Leading man Fishburne delivers a little Hollywood glamour to an unglamorous job
The Colorado Statesman
Laurence Fishburne visited Obama campaign centers along the Front Range this past Saturday, Oct. 27. He arrived at the Five Points office in Denver just after lunch without entourage, wearing a pair of worn blue jeans and a long sleeve Henley crew shirt. There was nothing particularly imposing about the man who played Morpheus in the Matrix films. At six feet and 225 pounds, he looks more like an aging athlete than a Hollywood leading man. Fishburne is traveling the final few weeks of the presidential campaign in order to encourage those swing state volunteers who really matter — the men and women consum-ing their shoe leather as they tramp door-to-door identifying and turning out Obama voters. Next up for Fishburne will be in Wisconsin and Virginia.
At least a hundred of the Obama ballot chasers were awaiting his arrival before hitting the streets with their afternoon walking packets. He slipped into the room almost unnoticed, before being escorted to the front of the room. Fishburne told the volunteers about his own history of political involvement, which began with his first ballot cast as an eighteen year old in 1980. Once he learned Ronald Reagan had won the election, he explained that he felt as if his vote had been cancelled out and he more or less dropped out of any further political participation for what he acknowledged was “…a very long time.” Then, he explained, “A volunteer, just like you, convinced me of how stupid that was — that I had a stake in our democratic process, that who our President is actually matters.”
Hollywood actor Laurence Fishburne, seated at right, is surrounded by Obama supporters at the Five Points campaign office in Denver on Oct. 27. Former state Rep. Rosemary Marshall, far right, is a mainstay at the local campaign, often serving as a second Mom to the volunteers.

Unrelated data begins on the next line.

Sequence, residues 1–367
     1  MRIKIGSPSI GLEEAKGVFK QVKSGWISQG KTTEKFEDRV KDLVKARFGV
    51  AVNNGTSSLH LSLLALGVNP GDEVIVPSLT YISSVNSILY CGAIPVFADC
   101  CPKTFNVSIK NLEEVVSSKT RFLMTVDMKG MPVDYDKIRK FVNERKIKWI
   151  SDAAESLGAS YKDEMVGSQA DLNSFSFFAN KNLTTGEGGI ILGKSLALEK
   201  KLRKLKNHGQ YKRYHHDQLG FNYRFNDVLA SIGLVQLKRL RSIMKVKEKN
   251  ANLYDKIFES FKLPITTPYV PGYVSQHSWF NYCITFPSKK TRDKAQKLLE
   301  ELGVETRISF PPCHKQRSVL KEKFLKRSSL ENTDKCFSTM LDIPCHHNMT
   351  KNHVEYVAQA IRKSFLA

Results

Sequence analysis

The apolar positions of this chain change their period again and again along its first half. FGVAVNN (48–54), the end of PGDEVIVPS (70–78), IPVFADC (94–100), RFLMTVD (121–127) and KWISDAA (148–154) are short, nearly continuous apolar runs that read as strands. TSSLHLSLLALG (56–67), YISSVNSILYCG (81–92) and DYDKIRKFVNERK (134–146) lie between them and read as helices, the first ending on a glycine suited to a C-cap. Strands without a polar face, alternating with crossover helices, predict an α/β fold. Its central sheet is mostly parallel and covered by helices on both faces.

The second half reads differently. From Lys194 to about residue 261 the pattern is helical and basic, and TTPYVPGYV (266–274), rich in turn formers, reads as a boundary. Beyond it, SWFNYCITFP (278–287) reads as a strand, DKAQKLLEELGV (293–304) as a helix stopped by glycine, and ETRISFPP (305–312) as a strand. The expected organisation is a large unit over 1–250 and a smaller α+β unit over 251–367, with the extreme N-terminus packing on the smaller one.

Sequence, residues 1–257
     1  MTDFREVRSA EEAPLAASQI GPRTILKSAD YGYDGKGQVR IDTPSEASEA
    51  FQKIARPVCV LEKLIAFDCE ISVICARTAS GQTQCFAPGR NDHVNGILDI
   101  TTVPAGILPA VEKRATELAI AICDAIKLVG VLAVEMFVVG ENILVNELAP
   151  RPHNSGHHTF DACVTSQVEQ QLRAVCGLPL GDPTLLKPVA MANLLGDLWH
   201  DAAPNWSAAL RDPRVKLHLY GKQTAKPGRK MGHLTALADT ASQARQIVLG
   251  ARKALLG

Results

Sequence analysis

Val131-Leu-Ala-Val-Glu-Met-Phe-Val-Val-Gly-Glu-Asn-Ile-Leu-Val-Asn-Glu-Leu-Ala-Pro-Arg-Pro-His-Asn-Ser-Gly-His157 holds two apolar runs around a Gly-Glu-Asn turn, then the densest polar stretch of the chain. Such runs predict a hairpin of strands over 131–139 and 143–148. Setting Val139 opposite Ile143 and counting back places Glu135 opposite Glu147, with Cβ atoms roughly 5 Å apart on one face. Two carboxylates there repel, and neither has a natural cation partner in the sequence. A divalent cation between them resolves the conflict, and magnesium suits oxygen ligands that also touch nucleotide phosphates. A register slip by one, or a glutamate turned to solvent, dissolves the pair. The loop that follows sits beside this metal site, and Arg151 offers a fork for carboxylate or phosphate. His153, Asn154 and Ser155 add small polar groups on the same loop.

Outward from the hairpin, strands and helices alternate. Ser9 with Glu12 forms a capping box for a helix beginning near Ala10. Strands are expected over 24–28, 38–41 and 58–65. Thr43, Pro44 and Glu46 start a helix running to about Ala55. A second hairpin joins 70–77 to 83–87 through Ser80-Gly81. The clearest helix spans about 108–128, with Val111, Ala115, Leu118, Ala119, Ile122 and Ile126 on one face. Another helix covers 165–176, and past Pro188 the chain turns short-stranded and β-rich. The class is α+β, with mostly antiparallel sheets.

Photo by Miller Hudson/The Colorado Statesman
He emphasized that Colorado volunteers need to drive this same message home with the voters they talk to.
The Obama ground operation in Colorado has been cranking away below the radar since early last summer. More than a hundred thousand new voters were registered with little notice, and computer algorithms are identifying most likely Democratic voters now being pursued to the gates of hell or until they cast their ballot, whichever comes first. If this election proves as close as it appears it will, it may be the long days and late nights put in by the young men and women who are devoting their time and talents to Obama’s campaign that tip the scales.
Former state representative Rosemary Marshall is a regular and second Mom to many of these volunteers who frequently labor until 4:00 a.m. entering canvassing data into the system. “I’m amazed at the hours they put in,” she observed, “you have to be young to do it.” The community organizer in the White House has never lost sight of the importance of that knock on the door and the face-to-face conversation with a voter that can secure his or her support.